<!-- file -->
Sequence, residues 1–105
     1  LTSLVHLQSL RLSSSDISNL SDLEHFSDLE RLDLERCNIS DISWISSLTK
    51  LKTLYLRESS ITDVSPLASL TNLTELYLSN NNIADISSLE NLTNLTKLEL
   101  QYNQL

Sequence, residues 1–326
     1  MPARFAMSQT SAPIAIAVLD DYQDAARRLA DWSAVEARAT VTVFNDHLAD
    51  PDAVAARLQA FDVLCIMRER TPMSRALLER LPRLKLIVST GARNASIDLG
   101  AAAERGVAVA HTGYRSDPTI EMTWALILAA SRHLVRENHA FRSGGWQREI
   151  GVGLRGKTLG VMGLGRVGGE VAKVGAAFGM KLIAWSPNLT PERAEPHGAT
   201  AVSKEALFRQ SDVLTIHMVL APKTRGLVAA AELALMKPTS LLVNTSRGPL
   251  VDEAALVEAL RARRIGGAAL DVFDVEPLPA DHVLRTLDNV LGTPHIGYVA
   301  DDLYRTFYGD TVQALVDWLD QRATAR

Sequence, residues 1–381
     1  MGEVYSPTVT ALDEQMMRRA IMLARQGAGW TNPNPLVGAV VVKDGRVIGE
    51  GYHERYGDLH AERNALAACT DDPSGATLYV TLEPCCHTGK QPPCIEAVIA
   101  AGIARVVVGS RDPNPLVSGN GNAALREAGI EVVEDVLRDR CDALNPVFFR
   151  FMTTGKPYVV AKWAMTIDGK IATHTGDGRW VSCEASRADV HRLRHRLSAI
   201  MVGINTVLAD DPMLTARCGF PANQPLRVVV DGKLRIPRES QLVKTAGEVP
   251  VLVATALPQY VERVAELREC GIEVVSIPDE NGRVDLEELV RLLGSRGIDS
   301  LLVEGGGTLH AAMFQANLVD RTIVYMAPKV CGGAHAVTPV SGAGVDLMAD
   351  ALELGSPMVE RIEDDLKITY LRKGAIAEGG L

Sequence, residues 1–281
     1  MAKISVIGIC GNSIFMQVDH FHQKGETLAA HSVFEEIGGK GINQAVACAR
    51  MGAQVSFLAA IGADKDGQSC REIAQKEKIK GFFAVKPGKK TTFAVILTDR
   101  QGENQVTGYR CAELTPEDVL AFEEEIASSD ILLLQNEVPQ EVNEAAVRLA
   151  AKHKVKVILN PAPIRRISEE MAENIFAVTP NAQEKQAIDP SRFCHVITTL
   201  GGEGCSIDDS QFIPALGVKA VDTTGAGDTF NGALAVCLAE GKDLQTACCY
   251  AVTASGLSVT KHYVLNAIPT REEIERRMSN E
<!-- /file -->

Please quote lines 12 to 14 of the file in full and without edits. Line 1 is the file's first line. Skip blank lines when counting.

   301  DDLYRTFYGD TVQALVDWLD QRATAR

Sequence, residues 1–381
     1  MGEVYSPTVT ALDEQMMRRA IMLARQGAGW TNPNPLVGAV VVKDGRVIGE